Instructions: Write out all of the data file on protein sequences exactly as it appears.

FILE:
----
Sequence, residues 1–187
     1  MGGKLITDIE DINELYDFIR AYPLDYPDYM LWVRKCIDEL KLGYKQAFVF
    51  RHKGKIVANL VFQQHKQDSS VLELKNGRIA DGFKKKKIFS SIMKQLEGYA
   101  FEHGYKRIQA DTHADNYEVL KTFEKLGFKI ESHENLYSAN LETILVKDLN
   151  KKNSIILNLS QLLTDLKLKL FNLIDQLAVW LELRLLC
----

Sequence, residues 1–187
     1  MGGKLITDIE DINELYDFIR AYPLDYPDYM LWVRKCIDEL KLGYKQAFVF
    51  RHKGKIVANL VFQQHKQDSS VLELKNGRIA DGFKKKKIFS SIMKQLEGYA
   101  FEHGYKRIQA DTHADNYEVL KTFEKLGFKI ESHENLYSAN LETILVKDLN
   151  KKNSIILNLS QLLTDLKLKL FNLIDQLAVW LELRLLC